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Dealing with Dog Fights

If a dog fight were to occur, would you know what to do to keep yourself and the dogs safe?


Experiencing a dog fight, even if your own dog is not involved, can be a very stressful event. Many times when fights occur, you will hear a lot of noises and see extreme agitated behaviors between the dogs, but once the dogs are separated, the only "damage" you will find is a lot of saliva on the dogs and ruffled fur. However, dog fights can also cause serious and even fatal damage, and lead to injury to yourself as well, so knowing what to do is critical.

Paying attention to your surroundings is always important when you're in an area with a lot of dogs, such as an agility or Rally trial. While the dogs at a trial should be well socialized with other dogs, situations where a dog may be over-excited can escalate into a fight. Bystanders may also show up with dogs they think are social and find out to their (and your!) dismay that they are not. 

It's always a good idea to keep your eyes on your dog at all times and step in immediately if you see body language that is concerning and/or increased agitation and reactivity. Regardless of whether your dog was the one displaying aggression or was trying to get away from the attacking dog, move your dog away to a quieter area to calm down, or remove altogether from the scene if necessary.

It's important to remain as calm as possible, as your dog may sense that you are upset, which will make him even more scared or agitated. Granted, it's difficult to stay calm in these situations, so do your best to take controlled, calm breaths and focus on the steps you need to take to keep everyone safe. Avoid also hitting or kicking the dogs because this can make them even more agitated and cause the dog attacking your dog to clamp down even harder. 

If one or both dogs bite down and hold on each other, it's time to get them separated right away. You may simply be able to distract some dogs out of a fight by banging two steel dog bowls together or use an air horn if you have one (there are actually air horn apps you can get on your smartphone that are just as good as the real thing!) If you have access to a hose or even a cooler or bucket full of water, this may be enough to split some dogs up as well. Throwing a blanket or tarp over them might also work.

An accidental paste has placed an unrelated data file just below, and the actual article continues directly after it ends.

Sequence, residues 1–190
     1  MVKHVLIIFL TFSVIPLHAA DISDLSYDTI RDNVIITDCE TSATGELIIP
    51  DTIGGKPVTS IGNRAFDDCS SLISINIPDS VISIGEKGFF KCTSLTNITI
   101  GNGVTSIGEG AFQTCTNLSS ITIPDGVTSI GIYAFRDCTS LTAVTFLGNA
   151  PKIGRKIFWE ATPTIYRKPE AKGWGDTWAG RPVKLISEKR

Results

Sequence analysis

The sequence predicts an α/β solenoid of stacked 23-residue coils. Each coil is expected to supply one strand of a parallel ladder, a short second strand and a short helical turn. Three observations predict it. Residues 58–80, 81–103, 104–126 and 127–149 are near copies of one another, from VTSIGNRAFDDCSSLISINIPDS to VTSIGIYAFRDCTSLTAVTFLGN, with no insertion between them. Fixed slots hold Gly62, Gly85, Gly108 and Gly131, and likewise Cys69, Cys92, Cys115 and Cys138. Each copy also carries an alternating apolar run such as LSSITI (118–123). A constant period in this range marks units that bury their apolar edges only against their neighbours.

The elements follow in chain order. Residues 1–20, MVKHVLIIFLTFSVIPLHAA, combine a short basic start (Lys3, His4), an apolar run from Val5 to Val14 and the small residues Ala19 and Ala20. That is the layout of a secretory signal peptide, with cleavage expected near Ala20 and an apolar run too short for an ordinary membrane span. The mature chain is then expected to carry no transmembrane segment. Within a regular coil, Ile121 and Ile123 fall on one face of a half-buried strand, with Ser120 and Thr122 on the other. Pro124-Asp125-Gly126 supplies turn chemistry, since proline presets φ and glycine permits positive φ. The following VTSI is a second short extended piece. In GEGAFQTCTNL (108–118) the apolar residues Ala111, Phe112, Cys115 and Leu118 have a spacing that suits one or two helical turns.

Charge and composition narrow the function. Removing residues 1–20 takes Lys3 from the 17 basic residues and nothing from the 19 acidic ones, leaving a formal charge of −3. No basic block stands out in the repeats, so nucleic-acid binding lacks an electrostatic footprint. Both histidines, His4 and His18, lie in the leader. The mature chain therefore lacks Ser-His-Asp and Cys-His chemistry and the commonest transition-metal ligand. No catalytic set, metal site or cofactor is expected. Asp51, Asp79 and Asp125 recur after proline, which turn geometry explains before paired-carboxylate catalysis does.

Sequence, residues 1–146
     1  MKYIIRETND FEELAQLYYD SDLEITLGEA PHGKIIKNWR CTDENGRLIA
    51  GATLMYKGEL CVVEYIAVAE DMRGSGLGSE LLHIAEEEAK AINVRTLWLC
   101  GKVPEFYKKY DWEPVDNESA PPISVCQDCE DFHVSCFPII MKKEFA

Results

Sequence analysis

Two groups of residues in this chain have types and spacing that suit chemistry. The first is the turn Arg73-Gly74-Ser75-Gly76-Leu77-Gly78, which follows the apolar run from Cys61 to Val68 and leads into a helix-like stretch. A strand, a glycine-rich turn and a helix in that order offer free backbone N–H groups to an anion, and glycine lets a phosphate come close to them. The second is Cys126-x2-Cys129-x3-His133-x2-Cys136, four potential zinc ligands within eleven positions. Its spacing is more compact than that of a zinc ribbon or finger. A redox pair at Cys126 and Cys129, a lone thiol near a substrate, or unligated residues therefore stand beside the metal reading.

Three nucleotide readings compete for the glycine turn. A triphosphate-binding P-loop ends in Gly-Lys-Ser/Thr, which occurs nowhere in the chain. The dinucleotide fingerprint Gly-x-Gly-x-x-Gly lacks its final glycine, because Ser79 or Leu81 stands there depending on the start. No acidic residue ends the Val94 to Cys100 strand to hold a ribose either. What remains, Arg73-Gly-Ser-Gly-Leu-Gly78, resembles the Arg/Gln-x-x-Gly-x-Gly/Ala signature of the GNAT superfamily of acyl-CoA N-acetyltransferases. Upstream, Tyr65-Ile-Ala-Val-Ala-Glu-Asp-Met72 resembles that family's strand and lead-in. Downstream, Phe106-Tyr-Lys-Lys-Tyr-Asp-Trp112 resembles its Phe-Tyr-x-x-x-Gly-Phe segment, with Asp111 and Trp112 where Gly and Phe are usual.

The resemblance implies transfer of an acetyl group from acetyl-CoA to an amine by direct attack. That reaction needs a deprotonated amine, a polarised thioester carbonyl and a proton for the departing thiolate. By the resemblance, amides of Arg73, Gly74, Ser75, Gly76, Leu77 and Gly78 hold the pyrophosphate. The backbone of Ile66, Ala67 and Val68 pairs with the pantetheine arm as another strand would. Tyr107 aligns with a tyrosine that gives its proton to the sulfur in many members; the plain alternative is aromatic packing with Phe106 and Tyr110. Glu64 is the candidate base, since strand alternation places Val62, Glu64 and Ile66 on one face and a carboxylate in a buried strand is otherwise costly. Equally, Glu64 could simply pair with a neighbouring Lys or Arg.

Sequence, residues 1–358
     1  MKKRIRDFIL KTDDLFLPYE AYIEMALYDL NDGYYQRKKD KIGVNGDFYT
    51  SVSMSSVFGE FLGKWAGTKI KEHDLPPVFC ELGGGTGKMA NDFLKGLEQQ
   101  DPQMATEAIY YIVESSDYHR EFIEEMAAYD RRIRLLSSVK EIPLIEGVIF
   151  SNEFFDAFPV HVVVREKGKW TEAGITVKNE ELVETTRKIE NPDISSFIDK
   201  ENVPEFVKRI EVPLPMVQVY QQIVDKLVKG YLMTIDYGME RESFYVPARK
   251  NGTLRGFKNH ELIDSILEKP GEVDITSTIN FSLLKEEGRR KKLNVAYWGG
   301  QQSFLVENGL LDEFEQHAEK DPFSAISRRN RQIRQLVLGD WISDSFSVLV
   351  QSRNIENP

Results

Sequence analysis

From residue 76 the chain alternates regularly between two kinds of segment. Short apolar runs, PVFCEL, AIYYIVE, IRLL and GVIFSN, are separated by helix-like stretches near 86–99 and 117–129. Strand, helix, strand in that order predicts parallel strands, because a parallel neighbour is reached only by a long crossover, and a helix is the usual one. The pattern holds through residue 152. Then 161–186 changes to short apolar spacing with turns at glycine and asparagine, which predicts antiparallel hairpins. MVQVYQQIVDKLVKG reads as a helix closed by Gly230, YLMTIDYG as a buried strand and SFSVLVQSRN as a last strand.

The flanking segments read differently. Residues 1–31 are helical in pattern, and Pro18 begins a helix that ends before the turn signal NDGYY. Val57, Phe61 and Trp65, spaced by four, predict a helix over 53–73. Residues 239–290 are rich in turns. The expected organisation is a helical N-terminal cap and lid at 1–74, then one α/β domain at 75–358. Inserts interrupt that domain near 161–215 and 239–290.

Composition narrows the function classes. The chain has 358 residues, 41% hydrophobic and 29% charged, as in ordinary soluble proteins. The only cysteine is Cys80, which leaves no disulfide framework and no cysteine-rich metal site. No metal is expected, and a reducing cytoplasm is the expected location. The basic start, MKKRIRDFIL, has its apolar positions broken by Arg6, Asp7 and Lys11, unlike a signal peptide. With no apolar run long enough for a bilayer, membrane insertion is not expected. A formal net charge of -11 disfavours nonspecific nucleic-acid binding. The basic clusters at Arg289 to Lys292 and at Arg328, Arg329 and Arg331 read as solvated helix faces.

If the above steps don't work, you can try to separate them by moving something physically between them, such as a heavy coat or a chair or a folded table -- whatever you might have on hand that is sturdy and large enough to move them apart.

Finally if all else fails, then you must split them up yourself. The first thing to remember above all else is do not put your hands in between the dogs to split them up, or grab on their collars or move near their heads. This is a sure way to get bitten, even by your own dogs. When a dog is in a fight, they are in a highly agitated state and can redirect a bite onto you within milliseconds.

If you are by yourself, you can grab the back legs of one of the dogs and move backwards and away, as if you are moving the dog in a "wheelbarrow" formation. You still have a risk of being bitten, so continuing to move backwards helps to keep the dog off-balance. Hopefully in this situation, the dog that is off-balance will let go of the other dog and that dog will back away. If you are with other people, then have one person grab one dog's back legs and you can grab the other's and then move away from each other, continuously moving backwards until the dogs let go of each other.

Another variation of the wheelbarrow method is to take a leash and loop it under one of the dogs and through the handle and pull so that you basically have a taut leash around their stomach. Then lift their back legs, while holding the leash and move them back to a place you can tie them up, such as tree. Depending on where the dogs are, you may not even need to lift their b

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